1 Reason Block Stock Is a Screaming Buy, and 1 Reason to Avoid It Like the Plague


Although shares of Block (SQ 1.43%) are currently 71% below their peak price (as of March 22), they have been trending higher recently. Thanks to a strong fourth-quarter financial update, shares have soared 25% in the last month. Investors might be eyeing the company right now.

Here’s one reason this fintech stock is a screaming buy, and one reason to avoid it like the plague.

Reason to buy: Two thriving ecosystems

Investors probably know Block by its former name, Square. But these days, Square is the name of the company’s merchant-focused segment. It offers a wide range of hardware, software, and financial services that help business owners better run their operations, including point-of-sale devices, marketing tools, loyalty programs, team management, and working capital loans. 

Then there’s Cash App, an extremely popular personal finance tool that’s currently the top-ranked finance app on the Apple App Store. Not only can users send money to other users on Cash App, but they can buy stocks, set up direct deposit, do their taxes, and sign up for a debit card. For about 56 million monthly active users, Cash App is becoming a banking substitute.

Both of these segments continue to experience rapid growth. Square and Cash App posted gross profit gains of 18% and 25%, respectively, in 2023. By constantly introducing new features, it’s not too difficult for Block to continue to add more users, boost payment volume and engagement, and monetize this activity.

Looking ahead, management believes there is a ton of growth potential. It’s estimated that combined, Square and Cash App have total addressable markets of $190 billion (based on gross profit). Looking at 2023 numbers, the business has only penetrated 1% of this opportunity.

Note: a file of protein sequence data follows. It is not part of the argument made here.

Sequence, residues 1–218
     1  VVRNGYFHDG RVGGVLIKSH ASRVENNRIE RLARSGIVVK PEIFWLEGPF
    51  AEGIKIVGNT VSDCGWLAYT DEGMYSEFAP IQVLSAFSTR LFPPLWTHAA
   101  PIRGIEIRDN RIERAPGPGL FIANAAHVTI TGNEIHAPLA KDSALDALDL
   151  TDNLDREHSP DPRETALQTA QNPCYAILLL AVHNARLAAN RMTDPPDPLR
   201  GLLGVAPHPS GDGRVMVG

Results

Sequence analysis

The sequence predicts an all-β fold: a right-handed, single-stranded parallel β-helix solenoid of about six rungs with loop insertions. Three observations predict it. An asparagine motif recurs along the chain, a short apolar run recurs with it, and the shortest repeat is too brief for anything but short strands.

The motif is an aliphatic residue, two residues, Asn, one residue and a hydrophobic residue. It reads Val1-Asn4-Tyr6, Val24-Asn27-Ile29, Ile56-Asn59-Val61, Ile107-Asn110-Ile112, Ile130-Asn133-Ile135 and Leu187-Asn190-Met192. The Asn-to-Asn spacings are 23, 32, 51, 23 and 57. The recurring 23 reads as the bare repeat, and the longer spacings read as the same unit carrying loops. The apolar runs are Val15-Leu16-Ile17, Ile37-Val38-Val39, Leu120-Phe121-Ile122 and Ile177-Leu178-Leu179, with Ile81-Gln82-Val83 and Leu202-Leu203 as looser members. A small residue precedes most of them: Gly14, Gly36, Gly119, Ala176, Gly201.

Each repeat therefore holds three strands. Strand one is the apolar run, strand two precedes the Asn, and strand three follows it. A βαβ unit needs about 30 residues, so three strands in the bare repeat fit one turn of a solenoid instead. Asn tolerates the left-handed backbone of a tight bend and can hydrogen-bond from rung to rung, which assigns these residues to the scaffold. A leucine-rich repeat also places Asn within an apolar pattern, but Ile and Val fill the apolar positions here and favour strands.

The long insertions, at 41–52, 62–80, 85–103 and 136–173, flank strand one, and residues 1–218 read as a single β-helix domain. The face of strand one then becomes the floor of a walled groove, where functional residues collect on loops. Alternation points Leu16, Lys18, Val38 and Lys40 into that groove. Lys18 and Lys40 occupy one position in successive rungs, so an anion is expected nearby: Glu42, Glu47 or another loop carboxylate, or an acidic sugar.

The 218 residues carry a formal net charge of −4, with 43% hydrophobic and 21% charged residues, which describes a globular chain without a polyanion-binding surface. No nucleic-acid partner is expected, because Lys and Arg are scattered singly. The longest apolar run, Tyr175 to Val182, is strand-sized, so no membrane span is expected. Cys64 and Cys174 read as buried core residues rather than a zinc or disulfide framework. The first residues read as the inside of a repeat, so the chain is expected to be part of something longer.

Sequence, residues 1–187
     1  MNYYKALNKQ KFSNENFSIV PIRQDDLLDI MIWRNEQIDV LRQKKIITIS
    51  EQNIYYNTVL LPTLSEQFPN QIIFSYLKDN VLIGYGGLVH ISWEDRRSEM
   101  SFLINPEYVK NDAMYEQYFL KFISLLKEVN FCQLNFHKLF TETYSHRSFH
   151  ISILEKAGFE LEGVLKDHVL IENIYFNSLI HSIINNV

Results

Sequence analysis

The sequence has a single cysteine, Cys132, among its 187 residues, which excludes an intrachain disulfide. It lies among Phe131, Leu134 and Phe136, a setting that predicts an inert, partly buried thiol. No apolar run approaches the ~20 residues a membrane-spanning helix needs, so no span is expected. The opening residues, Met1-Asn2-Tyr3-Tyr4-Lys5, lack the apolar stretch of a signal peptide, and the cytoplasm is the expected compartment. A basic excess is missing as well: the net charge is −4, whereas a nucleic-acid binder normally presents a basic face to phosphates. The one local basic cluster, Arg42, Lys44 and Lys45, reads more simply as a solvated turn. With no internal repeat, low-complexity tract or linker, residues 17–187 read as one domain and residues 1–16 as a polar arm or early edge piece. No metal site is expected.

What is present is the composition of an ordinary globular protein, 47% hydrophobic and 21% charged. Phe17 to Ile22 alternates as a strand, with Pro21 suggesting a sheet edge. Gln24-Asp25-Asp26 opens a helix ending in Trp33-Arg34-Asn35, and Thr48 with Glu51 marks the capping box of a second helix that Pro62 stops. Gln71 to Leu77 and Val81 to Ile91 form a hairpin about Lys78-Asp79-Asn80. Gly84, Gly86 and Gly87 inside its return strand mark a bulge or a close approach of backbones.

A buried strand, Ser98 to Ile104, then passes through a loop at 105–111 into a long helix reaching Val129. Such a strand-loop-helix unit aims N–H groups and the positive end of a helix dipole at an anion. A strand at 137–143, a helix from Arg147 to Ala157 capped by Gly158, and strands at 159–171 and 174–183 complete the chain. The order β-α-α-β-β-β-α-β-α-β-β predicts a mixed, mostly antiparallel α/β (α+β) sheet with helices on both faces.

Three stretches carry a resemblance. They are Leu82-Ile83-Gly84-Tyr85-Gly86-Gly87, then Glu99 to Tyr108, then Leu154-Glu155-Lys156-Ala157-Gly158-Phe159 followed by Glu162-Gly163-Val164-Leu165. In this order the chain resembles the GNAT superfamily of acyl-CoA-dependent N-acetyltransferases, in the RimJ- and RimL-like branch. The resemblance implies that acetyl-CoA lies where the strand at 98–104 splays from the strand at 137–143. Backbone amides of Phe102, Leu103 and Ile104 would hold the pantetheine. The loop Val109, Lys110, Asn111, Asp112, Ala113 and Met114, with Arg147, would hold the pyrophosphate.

Consequently, Block benefits from some competitive advantages. It’s easy to believe there are switching costs present. Merchants that have onboarded with Square’s services and rely on it as a mission-critical provider are probably locked in given the headaches it would cause to change to competing products.

Like other banks, Cash App could experience the same thing as Square. Once you start using a financial services provider, it’s a pain to switch to another bank.

Reason to avoid: Lack of consistent profits

As is the case with many other growth-oriented businesses, Block has foregone bottom-line performance in the name of rapid expansion. The net loss totaled $541 million in 2022. The business has yet to be fully profitable on a sustainable basis, even though it generated a positive net income of $9.8 million in 2023, thanks to a sizable Q4 profit. Some investors might view this as a dealbreaker.

This isn’t surprising. When a management team sees a huge opportunity ahead, they plow resources into sales, marketing, and product development efforts. The hope is that profits can be achieved in the future at a much greater level of scale.

But founder and CEO Jack Dorsey is tightening the grip on the company. He has capped the employee headcount at 12,000. And Block is focused on driving greater efficiencies by reducing overhead costs.

The outlook calls for an adjusted operating income of over $1.1 billion in 2024. Wall Street is also optimistic, forecasting generally accepted accounting principles (GAAP) operating income of $842 million this year. This is encouraging, but unless the company can start posting consistency with this figure, then there will always be a financial risk, particularly with fears about how a recessionary period will impact the business.

Understanding the fact that Block has a long way to go when it comes to sustainable positive earnings, I still think the stock is worthy of a place in a long-term portfolio.

Neil Patel and his clients have no position in any of the stocks mentioned. The Motley Fool has positions in and recommends Apple and Block. The Motley Fool has a disclosure policy.



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